3 / 5 stars
Read in January 2020
Book #1 in the Crier’s War duology
My 2020 reading journey started out slowly, and this book was a fun read since it wasn’t something I’d typically pick up first in a lineup of books.
This book gave me major I, Robot x Red Queen vibes with a F/F romance: In the dystopian future of a fantasy world, beautiful and strong human-like beings called Automae, once created by humans, have now risen to rule over mankind. Humans are second-class citizens, kept in poverty and servitude in constant fear of their lives.
Human Ayla saw her parents murdered in an Automae raid as a child and has vowed to take her vengeance by killing the king’s daughter, Lady Crier. Lady Crier, meanwhile, struggles with her recent engagement to a powerful politician and tries keep her aptitude for human emotions hidden, emotions which Automae are not supposed to have. When Ayla gains a position in the palace as Crier’s handmaiden, it seems that her dreams of revenge may soon become a reality. However, she isn’t prepared for the feelings and discoveries her new post will bring and how they will change her.
This book also had a wide cast of characters, with some shining off the page and others fading into the background. Curious, sweet Crier was my favorite; I loved being in her head and accompanying her on her emotional journey of self-discovery. However, I would actually argue that the charismatic and manipulative Scyre Kinok, Crier’s fiancé, was the strongest character in the book, making an exceptional villain with his conniving ways and subtle threats. Lastly, I really enjoyed side characters such as Queen Junn (who I’m hoping plays a much bigger part in book 2) and even Crier’s friend from court, Rosi. They played a role in the story while being unique and memorable characters.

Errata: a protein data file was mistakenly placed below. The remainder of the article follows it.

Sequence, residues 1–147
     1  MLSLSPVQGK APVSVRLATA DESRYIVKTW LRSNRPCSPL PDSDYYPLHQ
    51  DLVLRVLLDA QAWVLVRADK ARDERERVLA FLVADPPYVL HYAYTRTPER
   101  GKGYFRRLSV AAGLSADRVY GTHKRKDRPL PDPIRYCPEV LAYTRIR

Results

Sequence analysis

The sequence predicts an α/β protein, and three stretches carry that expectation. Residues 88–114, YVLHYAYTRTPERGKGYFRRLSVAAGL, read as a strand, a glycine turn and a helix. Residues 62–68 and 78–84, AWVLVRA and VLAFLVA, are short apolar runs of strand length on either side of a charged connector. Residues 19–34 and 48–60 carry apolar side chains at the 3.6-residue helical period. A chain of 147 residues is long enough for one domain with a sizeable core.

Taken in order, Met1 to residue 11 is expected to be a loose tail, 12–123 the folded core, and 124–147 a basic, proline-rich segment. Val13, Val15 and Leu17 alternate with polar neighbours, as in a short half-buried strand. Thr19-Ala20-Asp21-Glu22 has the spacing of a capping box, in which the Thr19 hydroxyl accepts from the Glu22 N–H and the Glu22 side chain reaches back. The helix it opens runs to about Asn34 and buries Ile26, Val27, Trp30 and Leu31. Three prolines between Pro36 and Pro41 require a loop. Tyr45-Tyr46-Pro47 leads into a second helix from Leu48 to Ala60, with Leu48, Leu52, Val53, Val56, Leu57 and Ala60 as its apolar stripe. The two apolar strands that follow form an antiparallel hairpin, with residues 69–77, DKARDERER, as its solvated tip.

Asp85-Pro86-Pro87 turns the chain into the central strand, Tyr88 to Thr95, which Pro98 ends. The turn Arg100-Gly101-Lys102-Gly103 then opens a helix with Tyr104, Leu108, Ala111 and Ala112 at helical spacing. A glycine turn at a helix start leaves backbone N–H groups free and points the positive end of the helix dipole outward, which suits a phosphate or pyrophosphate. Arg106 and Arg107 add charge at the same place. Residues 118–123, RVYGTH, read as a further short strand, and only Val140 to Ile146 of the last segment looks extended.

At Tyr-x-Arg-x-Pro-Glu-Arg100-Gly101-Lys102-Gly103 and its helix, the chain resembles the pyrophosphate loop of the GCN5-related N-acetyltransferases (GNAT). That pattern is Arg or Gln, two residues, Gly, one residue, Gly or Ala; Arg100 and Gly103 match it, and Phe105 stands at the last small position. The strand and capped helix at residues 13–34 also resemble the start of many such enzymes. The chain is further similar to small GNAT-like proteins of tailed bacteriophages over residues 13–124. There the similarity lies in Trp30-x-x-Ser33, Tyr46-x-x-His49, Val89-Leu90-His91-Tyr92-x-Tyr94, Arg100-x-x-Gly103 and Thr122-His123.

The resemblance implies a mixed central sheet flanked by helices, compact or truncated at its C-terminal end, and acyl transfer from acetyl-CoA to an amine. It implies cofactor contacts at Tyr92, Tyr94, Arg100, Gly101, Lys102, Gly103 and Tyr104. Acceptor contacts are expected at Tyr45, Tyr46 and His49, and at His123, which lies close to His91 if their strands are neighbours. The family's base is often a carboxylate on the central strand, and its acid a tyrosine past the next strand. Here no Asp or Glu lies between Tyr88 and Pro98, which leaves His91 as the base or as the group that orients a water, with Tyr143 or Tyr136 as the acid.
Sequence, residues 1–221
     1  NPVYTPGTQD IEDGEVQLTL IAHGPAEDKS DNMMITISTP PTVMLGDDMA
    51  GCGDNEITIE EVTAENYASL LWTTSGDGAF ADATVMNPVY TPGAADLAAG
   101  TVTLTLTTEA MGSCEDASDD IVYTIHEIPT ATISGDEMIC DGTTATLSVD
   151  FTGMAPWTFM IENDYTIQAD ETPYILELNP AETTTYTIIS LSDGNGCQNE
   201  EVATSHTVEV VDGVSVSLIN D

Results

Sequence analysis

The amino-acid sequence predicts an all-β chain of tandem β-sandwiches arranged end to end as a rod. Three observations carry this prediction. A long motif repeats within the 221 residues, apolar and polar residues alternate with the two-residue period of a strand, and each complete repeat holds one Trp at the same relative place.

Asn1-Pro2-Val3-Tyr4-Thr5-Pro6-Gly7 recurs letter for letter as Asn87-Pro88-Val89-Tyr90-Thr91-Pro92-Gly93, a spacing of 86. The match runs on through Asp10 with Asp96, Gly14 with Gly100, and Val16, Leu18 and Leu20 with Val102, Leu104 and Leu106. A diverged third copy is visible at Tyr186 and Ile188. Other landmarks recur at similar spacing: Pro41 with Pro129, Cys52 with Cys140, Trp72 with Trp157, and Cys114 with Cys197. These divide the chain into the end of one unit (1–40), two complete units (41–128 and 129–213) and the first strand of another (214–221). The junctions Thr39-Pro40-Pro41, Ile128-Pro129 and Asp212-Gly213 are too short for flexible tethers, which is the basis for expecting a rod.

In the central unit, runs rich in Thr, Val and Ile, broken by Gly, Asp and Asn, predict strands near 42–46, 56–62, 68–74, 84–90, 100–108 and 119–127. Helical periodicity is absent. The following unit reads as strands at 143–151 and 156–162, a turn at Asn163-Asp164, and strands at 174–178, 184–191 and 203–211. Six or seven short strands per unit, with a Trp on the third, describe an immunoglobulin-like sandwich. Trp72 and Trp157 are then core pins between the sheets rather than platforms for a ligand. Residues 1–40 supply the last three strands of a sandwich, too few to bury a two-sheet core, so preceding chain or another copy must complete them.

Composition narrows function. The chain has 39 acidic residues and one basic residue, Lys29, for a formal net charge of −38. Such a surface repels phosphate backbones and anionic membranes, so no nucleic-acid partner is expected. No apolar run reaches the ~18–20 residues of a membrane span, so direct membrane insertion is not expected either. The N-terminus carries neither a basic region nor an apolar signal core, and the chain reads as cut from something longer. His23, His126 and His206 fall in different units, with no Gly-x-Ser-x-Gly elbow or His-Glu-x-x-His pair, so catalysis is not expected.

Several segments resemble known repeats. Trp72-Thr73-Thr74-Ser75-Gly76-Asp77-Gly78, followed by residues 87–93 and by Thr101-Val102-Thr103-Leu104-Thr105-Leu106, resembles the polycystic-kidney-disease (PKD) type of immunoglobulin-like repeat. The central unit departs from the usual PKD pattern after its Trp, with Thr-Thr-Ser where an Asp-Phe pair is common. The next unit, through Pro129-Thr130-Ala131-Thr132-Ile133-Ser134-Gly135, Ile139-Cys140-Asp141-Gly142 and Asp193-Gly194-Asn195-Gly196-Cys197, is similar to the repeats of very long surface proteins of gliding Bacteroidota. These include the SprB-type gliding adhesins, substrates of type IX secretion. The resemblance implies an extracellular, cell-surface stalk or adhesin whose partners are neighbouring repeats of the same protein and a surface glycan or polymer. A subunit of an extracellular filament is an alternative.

On the other hand, some characters were not as developed as I would have liked, including Ayla’s adopted family, Rowan and Benjy. They weren’t in the story enough, and when they were they mostly plotted against the Automae. I simply didn’t feel attached to them. Also, (spoiler!) Benjy really didn’t need to have romantic feelings for Ayla. It kind of ruined their relationship for me (end spoiler).
This dystopian sci-fi fantasy felt fresh, taking elements and tropes from other books I’ve enjoyed and successfully combining them. Nina Varela is an overall good writer, with the romance between Crier and Ayla being her strongest point. There were multiple scenes where sparks flew between the characters and I could feel the tension in the air, giving me major heart eyes. In understanding and coming to care for one another, Ayla’s and Crier’s views of the world changed, making for a successful the enemies-to-lovers trope.
Varela’s bio at the back of the book mentions she’s a screenwriter, and you can definitely tell from her writing style; so many scenes, especially in tense moments, were jumpy from paragraph to paragraph, a bit too abrupt for me, and would have been more successful as quick-cutting shots in a film. Additionally, her use of flashbacks would have worked much better in a film; although these scenes added magic to the story and gave us background info, they mostly broke up the action at times I wanted to stay in the present with Ayla and Crier. I also don’t think the timeline at the front of the book or the excerpts from past Automae/human journals throughout the book were necessary; I read them, but they were not crucial for my understanding of the world.
I’m planning to read the second book, as this book did not end as I predicted and I’m curious to see what our heroines (and villain) do next. As I mentioned, I’m also hoping for the return of some of my favorite side characters, especially Queen Junn! Overall I would recommend this book and would love to see your recommendations on more LGBTQ+ YA fantasies and sci-fis in the comments!